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    Increasingly, forests are being valued for goods and services beyond wood fibre; one of these is protection forests. Functions provided by natural and managed forests have been associated with reduced hazards from floods, debris floods, debris flows, snow avalanches and rockfalls. Maintaining a high level of protection may require active management, as forests are dynamic and the protection capabilities are strongly determined by forest condition. The nature of protection provided varies depending upon the hazard processes and pathways, and the relative spatial orientation of the hazard, the forest, and the features being protected. Hazard processes and pathways need to be understood for protection forest management so that the expected protective functions can be well predicted. Protective functions of forests include: 1) retaining material in upslope positions; and 2) containing, confining and resisting material during transport and deposition. These effects are primarily realized through: 1) soil conditioning and macropore creation; 2) root reinforcement and 3) presence of above ground structural elements. Recognition of these functions of protection forests and their relations with hydrogeomorphic hazards will contribute to the best management of protection forests.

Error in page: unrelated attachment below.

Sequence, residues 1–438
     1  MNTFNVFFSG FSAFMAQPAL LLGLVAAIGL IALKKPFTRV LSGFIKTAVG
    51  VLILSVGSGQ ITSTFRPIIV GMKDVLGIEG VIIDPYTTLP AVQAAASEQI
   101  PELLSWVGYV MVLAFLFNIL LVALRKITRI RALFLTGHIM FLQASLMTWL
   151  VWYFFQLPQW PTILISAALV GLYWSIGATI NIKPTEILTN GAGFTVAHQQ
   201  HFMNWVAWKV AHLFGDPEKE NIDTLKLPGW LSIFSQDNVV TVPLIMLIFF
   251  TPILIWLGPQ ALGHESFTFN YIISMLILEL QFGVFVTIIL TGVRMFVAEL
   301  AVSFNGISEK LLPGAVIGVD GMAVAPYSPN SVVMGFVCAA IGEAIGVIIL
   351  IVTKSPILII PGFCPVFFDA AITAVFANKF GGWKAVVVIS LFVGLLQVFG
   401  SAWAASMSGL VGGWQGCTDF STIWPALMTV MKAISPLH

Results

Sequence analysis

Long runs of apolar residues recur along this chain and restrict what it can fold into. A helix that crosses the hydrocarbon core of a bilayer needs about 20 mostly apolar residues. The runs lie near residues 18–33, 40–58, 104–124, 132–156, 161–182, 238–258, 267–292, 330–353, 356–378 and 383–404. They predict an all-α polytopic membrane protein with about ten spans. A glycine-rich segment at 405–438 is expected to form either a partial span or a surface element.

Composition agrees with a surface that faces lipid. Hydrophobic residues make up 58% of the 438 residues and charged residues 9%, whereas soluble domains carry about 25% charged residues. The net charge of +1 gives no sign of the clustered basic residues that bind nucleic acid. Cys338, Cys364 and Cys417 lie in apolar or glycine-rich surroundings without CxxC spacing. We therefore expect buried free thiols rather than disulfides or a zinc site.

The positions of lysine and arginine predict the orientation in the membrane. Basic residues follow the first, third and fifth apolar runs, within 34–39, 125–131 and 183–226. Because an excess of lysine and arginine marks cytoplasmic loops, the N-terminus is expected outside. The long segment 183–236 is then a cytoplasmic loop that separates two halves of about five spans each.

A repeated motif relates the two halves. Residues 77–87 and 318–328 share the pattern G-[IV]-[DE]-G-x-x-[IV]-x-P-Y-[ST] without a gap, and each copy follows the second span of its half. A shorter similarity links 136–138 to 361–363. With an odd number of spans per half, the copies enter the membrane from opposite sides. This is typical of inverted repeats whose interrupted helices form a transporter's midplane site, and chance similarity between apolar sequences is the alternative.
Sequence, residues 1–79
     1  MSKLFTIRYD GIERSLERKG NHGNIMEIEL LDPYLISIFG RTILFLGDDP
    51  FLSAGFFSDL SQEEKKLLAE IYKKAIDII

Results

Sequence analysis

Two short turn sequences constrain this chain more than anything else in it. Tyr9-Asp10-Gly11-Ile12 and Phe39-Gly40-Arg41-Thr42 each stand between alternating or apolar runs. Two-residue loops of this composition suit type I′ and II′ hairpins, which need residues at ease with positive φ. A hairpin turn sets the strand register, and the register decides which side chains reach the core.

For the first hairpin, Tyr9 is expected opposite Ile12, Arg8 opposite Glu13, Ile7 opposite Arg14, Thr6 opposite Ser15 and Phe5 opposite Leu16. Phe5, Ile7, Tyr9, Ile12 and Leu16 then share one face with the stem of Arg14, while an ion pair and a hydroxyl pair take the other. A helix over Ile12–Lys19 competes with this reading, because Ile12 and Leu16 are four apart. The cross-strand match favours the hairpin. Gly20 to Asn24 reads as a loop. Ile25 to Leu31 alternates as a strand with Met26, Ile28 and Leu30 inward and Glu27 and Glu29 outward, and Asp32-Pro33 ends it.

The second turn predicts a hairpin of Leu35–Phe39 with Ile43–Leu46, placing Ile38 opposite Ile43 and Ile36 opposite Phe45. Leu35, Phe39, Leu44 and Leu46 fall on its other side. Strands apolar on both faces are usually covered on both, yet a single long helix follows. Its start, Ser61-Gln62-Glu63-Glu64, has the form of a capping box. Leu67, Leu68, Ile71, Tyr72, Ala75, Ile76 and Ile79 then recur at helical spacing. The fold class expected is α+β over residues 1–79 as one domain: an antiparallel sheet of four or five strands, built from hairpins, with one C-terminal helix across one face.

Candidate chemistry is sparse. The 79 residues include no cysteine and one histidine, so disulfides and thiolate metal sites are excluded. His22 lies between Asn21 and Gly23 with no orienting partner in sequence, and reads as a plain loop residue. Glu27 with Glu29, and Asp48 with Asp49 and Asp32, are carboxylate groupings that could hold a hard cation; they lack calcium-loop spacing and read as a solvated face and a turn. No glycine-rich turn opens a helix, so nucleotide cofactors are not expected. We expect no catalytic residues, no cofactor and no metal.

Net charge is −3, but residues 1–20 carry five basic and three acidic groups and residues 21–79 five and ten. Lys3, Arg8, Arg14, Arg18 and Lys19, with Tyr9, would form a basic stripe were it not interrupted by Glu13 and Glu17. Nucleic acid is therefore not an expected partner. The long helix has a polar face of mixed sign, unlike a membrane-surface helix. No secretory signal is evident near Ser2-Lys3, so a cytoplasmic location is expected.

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    Sakals, Matt E.; Innes, John L.; Wilford, David J.; Sidle, Roy C.; Grant, Gordon E. 2006. The role of forests in reducing hydrogeomorphic hazards. Forest Snow Landscape Research. 80(1): 11-22


    protection forests, hydrogeomorphic hazards, debris flow, debris flood, flood, snow avalanche, rockfall, forest function

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